Achieving Diversity in the Cannabis Industry

Diversity, like love and peace, is a virtue widely embraced. Getting it done takes working through the grittier details, though. According to Jesce Horton, Cofounder and Vice President of the Minority Cannabis Business Association, speaking at a recent MJ Freeway Webinar on Diversity in the Cannabis Industry, “This is an opportunity not just to build another industry, but a new, different and better industry.”

Different and better means, among other things, improving ownership and career opportunities for communities of color, women, LGBT individuals and others not yet involved in the industry. Studies tie diversity to business success in compelling ways. A commitment to inclusion can help enterprises grow and keep a competitive advantage in corporate culture, employee morale, retention and recruitment.

Diversity in Ownership

“For lack of a better word, minorities are shell shocked when it comes to anything regarding cannabis, regarding drugs and the potential to be arrested,” Horton said.

The barriers to ownership are more than attitudinal, however. The high cost of starting any business, even outside the cannabis industry, is daunting to many new entrepreneurs. But the lack of traditional financing for the cannabis industry is enough to exclude many in minority communities.

State licensing requirements set financial and other requirements that seriously restrict the pool of potential license holders.

Jazmin Hupp, Executive Director and Co-Founder of Women Grow notes, “Teams in New York are currently spending upwards of $1 million just to apply for one of the five potential licenses. If they receive the 2-year license, they will need $15 to $35 million in capital to operate. That means that groups that haven’t traditionally had access to capital are completely shut out of this opportunity.”

In Florida, Horton noted, applicants for cultivation licenses must be horticultural growers that have been in business for at least 30 years and are already growing at least 400,000 plants.  In 2014, only 21 out of Florida’s 7,001 licensed nurseries qualified. The system seems designed to preserve the status quo.

Horton encouraged industry activists to make their voices heard as state regulators begin the process of drafting licensing rules to ensure that minimum requirements do not arbitrarily exclude large segments of the entrepreneurial population.

The way in which applications are evaluated may also affect the outcome. Hupp said an open application system, like that used in Colorado where the state offers a license to anyone who meets the minimum requirements, allows for greater participation.

Diversity in Employment

To increase diversity in management and staffing, Horton recommended community outreach through existing national and local cannabis organizations, such as his own Minority Cannabis Business Association, as well as Women Grow and the National Cannabis Industry Association.

A number of other business associations, not necessarily focused on cannabis, may be valuable resources, as well, including the National Association of Asian American Professionals, campus chapters of the Middle Eastern Students Association, the National Society of Black Engineers, the National Gay and Lesbian Chamber of Commerce and the Senior Job Bank.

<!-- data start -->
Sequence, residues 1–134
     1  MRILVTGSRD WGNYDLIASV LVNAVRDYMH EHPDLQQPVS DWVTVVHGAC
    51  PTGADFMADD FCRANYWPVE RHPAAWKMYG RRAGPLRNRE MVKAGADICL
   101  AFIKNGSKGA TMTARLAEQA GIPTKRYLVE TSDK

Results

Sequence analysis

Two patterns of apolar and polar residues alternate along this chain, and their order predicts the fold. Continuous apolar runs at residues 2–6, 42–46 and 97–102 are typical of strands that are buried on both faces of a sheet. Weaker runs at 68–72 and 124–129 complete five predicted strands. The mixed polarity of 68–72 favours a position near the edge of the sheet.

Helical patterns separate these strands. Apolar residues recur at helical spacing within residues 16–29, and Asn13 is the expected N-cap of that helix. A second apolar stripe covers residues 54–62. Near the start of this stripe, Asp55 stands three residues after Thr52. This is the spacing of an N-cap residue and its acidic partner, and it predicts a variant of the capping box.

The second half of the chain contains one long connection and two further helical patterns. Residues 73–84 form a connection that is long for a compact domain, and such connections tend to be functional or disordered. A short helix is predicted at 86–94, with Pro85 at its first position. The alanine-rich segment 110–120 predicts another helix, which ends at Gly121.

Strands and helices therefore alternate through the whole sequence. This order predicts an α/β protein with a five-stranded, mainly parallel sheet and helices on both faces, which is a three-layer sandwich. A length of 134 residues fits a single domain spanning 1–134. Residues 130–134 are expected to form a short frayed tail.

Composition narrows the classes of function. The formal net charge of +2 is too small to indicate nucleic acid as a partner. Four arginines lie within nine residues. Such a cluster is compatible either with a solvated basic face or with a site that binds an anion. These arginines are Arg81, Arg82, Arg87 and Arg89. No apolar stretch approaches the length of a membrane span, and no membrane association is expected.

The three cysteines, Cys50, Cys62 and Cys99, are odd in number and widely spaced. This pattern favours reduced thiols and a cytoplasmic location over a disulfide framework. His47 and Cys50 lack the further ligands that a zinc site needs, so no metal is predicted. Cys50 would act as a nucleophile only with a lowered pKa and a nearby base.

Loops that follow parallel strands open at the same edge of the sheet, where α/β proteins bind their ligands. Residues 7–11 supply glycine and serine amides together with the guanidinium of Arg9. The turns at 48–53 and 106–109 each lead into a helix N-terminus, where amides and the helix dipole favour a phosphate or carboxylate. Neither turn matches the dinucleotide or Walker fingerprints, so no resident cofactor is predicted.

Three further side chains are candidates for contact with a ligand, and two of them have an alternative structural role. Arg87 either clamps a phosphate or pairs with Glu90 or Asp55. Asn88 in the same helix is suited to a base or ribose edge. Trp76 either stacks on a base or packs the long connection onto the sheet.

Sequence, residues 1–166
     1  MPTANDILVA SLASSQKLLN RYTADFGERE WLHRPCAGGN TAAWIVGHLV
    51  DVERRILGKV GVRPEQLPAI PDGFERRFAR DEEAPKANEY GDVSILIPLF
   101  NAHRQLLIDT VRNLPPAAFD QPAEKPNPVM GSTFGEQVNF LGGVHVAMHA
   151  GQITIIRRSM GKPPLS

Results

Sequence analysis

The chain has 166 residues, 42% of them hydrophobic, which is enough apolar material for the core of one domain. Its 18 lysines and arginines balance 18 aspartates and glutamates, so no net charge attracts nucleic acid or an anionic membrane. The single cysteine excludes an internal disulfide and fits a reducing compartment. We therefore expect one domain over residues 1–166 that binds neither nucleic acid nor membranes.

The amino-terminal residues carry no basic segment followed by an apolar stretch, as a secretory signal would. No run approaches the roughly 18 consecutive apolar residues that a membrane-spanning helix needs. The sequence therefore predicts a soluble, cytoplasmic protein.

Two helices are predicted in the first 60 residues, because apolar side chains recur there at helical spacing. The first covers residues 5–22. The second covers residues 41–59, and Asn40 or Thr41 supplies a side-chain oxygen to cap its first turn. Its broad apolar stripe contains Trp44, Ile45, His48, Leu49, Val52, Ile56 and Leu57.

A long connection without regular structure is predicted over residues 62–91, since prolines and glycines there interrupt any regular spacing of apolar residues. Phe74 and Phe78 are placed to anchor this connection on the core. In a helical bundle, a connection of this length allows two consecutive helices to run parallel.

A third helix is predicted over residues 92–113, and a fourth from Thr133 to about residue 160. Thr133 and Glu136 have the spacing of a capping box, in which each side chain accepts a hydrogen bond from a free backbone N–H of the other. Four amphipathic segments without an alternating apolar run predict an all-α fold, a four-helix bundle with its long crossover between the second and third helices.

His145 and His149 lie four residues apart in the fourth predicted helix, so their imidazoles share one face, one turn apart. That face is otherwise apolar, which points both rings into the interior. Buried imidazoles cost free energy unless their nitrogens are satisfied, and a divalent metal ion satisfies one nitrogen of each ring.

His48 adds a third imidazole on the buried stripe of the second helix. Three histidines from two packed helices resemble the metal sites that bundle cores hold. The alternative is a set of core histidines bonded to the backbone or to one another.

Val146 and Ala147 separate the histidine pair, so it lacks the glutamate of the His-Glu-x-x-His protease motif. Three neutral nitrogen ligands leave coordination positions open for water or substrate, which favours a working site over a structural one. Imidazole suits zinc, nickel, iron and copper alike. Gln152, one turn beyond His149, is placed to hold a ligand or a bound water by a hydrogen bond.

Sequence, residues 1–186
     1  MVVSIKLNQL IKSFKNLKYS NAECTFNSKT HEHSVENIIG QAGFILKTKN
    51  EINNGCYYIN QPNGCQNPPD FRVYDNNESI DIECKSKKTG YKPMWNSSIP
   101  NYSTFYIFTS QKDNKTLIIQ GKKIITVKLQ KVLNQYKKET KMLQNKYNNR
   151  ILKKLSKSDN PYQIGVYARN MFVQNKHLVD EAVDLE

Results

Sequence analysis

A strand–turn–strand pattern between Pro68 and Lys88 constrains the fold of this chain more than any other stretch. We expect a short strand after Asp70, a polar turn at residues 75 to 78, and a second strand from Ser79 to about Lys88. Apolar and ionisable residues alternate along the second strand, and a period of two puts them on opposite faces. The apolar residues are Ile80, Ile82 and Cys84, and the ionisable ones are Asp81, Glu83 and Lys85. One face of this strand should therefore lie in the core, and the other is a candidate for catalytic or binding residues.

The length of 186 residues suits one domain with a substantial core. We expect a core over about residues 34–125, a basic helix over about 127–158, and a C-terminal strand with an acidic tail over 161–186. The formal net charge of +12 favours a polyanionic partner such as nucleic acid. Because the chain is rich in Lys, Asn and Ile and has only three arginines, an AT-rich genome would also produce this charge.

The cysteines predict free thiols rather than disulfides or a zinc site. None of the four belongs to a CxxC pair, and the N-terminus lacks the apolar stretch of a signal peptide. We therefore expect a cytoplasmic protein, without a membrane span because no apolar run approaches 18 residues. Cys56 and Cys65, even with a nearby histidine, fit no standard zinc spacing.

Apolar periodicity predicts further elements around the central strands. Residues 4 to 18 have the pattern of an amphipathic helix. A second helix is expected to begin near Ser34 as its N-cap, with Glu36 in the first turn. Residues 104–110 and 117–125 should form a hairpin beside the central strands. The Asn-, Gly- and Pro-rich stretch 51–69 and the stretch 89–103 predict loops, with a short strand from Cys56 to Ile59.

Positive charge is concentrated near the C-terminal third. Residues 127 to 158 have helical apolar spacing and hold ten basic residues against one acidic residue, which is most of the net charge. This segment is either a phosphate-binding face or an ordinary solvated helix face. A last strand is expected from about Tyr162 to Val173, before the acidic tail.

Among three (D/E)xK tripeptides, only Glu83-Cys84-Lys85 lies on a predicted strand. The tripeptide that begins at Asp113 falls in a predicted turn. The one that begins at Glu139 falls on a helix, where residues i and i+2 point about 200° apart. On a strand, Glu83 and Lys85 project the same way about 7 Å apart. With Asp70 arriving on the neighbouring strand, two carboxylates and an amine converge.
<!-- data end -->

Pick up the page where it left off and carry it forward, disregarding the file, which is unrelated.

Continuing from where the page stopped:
Horton noted that at Panacea Valley Gardens, the Portland dispensary which he co-developed, a senior budtender could be an asset in understanding the perspective of the growing number of senior patients.

Staffing agencies provide another avenue. Hiring for the cannabis industry has very specific background-check and licensing issues. THC Staffing Group, with locations on both coasts, focuses specifically on helping the marijuana industry find qualified candidates who are a match professionally and personally and also represent a wide and diverse cross-section of America’s population.

Shaleen Title, Partner and Co-Founder of THC Staffing, said, “The applicant pool that comes to us lacks diversity. For some experienced positions we place, often the candidates that respond to our ads are 95 percent white men, and this is consistent with what we hear from businesses. So we work much harder to recruit from a wider base. That involves smaller numbers of people who are interested in coming into the industry, and there tends to be a greater stigma around cannabis within communities of color and women as well.”

Green Staffing Solutions in SeaTac, Washington, provides temporary and permanent agricultural, retail, warehousing and administrative staff to the legal marijuana industry. It is a minority-focused agency with a goal of providing employment opportunities for women, Asians, Hispanics and African Americans.

For Horton, though, diversity is about more than doing the right thing or building the customer base that businesses need to thrive. “We have to stay true to the plant that teaches about unity, healing, love and commonality with other people,” he said. His most important message is that staying true to the plant allows business to be true to patients and consumers, as well.

The post Achieving Diversity in the Cannabis Industry appeared first on Marijuana Investor News.